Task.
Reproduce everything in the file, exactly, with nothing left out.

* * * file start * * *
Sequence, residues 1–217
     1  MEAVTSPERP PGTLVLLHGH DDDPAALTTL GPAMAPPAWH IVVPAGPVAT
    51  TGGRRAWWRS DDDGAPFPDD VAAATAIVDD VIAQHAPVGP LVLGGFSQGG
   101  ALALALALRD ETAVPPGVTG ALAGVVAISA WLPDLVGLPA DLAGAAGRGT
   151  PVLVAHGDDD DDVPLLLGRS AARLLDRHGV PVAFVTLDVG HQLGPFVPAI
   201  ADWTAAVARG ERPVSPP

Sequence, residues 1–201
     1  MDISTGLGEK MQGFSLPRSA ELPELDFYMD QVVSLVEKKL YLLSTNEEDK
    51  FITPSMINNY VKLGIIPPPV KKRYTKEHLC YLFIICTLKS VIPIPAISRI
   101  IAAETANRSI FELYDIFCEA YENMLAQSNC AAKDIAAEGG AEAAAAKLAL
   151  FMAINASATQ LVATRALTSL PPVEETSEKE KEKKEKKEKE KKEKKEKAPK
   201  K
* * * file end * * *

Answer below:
Sequence, residues 1–217
     1  MEAVTSPERP PGTLVLLHGH DDDPAALTTL GPAMAPPAWH IVVPAGPVAT
    51  TGGRRAWWRS DDDGAPFPDD VAAATAIVDD VIAQHAPVGP LVLGGFSQGG
   101  ALALALALRD ETAVPPGVTG ALAGVVAISA WLPDLVGLPA DLAGAAGRGT
   151  PVLVAHGDDD DDVPLLLGRS AARLLDRHGV PVAFVTLDVG HQLGPFVPAI
   201  ADWTAAVARG ERPVSPP

Sequence, residues 1–201
     1  MDISTGLGEK MQGFSLPRSA ELPELDFYMD QVVSLVEKKL YLLSTNEEDK
    51  FITPSMINNY VKLGIIPPPV KKRYTKEHLC YLFIICTLKS VIPIPAISRI
   101  IAAETANRSI FELYDIFCEA YENMLAQSNC AAKDIAAEGG AEAAAAKLAL
   151  FMAINASATQ LVATRALTSL PPVEETSEKE KEKKEKKEKE KKEKKEKAPK
   201  K